As I’ve often mentioned, one of my favorite perhaps crackpot but also perhaps legit theories is French leftist economist Thomas Piketty’s claim that his famous equation r > g proves that the Forbes Magazine lists of billionaires have to be wrong because there must be far more old money billionaires, while the Forbes lists are dominated by fairly recent wealth. Piketty suspects there are vast hidden fortunes passed down through the generations that Forbes isn’t finding.
Even though Piketty’s book Capital in the 21st Century was a huge bestseller, few else seemed to pay much attention to the most glamorous and intriguing idea in the whole book. I, however, immediately started thinking about how we could find this wealth. For example, what about using Google Earth to look for evidence of palatial estates? For example, golf courses are instantly recognizable from the air, so personal golf courses are readily visible on Google.
Here’s a NYT article on Jeff Bezos spending $165 million on a Beverly Hills estate plus nearby 9 digit properties that’s relevant to the Piketty Theory: Just about everybody involved in owning these properties is famous, most track their fortunes back no further than the 20th Century, backyard golf courses seem to be a dying breed, and, by implication, only trashy Russian oligarchs really like all the steel and glass boxes that have been built on spec in the Hollywood Hills in recent years.
The Amazon leader reached a deal for the Warner Estate in Beverly Hills with David Geffen, who has owned it since 1990.
By Candace Jackson, Feb. 14, 2020
The national housing market has cooled, but in Los Angeles the ultrarich are still shattering price records. An heiress to the Formula One racing empire sold her home for $119.75 million last July. In December, Lachlan Murdoch paid $150 million for a home in Bel Air.
The latest buyer at the top: Jeff Bezos, the Amazon chief and world’s richest person.
Setting a new high for a home sold in California, Mr. Bezos is paying $165 million for a Beverly Hills estate owned by David Geffen, the media mogul and co-founder of DreamWorks, according to two people familiar with the purchase.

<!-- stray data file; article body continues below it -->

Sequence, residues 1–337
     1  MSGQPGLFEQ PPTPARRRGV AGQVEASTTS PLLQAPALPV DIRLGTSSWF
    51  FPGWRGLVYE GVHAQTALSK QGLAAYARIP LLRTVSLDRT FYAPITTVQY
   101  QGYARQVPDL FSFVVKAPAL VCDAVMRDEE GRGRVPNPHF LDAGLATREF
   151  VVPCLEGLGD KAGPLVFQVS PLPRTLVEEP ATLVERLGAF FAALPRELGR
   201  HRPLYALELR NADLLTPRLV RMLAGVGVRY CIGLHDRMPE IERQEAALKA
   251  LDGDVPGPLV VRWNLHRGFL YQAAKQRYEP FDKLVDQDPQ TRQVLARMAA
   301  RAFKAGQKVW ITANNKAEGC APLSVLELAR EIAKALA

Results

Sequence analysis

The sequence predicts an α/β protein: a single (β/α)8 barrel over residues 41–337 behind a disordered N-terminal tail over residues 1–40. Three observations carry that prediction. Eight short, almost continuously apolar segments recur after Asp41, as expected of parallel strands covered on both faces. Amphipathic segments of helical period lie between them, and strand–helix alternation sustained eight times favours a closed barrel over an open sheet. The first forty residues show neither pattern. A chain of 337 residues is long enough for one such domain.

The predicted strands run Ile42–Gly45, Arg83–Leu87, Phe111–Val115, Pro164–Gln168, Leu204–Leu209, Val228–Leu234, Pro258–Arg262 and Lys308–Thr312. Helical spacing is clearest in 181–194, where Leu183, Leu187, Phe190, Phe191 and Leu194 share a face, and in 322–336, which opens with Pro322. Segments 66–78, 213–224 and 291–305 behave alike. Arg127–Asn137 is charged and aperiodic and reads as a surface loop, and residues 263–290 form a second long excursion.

That wasn’t all. In a separate transaction, Bezos Expeditions, which oversees The Washington Post and Mr. Bezos’ charitable foundation, is buying 120 undeveloped acres in Beverly Hills for $90 million, the two people said. The land was put on the market for $150 million in 2018 by the estate of Paul Allen, the Microsoft co-founder, who died that year….
The superrich are spending huge amounts for some of California’s premier properties. Mr. Murdoch, chief executive of the Fox Corporation, bought Chartwell, which TV viewers of a certain age may remember as the Clampetts’ home in “The Beverly Hillbillies.” Petra Ecclestone, whose father, Bernie Ecclestone, ran Formula One for more than 40 years, sold the Manor. The television producer Aaron Spelling had built the mansion, in the city’s Holmby Hills neighborhood, in 1988.
For Mr. Bezos, it was the Warner Estate, which was designed in the 1930s for Jack Warner, the president of the Warner Bros. film studio. The roughly 13,000-square-foot home is considered one of the premier mansions built during Hollywood’s golden era.
… The Georgian Revival-style estate was designed for hosting the Warners’ elaborate parties, with guests like Albert Einstein and Howard Hughes.
The property also included a nine-hole golf course, which Mr. Geffen removed when he renovated the grounds, Mr. Hyland said in an interview.
David Geffen doesn’t like golf. I wonder why?
A home next door also had a nine-hole course, allowing the Warners and their neighbors to play 18 holes right in the middle of Beverly Hills.
That was the Harold Lloyd Estate, built by the silent movie comedy star. It’s now owned by financier Ron Burkle, who likes to buy and restore houses with a lot of entertainment industry history, such as Bob Hope’s houses in Toluca Lake and Palm Springs.
Both backyard golf courses are no longer visible on aerial photos. My estimate is that the number of personal golf courses in Southern California is around only a half dozen — e.g., Oracle founder Larry Ellison is in the news for announcing a Trump fundraiser at his personal golf course in the Palm Springs area. There’s one out in some canyons near Zuma Beach whose owner is unknown to me, but most of the others were built by well-known individuals: Bob Hope, Walter Annenberg, Jerry Perenchio and the like.
The Warner Estate, whose sale to Mr. Bezos was reported earlier by The Wall Street Journal, stands out from the speculatively built glass-box homes that have flooded the local market…. “Everybody today would like to see classical architecture,” Mr. Hyland said. “They want substance. They want acreage.” He said he and his business partner, Rick Hilton, had the most expensive current listing in the area, the $225 million Conrad Hilton estate, which is on eight and a half acres in Bel Air.
So not much evidence for Hidden Old Money from the Beverly Hills real estate market. But where does the Hidden Old Money congregate? And let’s see the aerial photos!
By the way, showing the utility of aerial photos for identifying the rich, another Beverly Hills house has a backyard full size basketball court decked out in the colors of the Detroit Pistons. So I looked up the owner of the Pistons. He’s an interesting first generation self-made man, a Greek-Lebanese Catholic born Tewfiq Georgious in Nazareth who grew up in Michigan, then made it big in business in Los Angeles.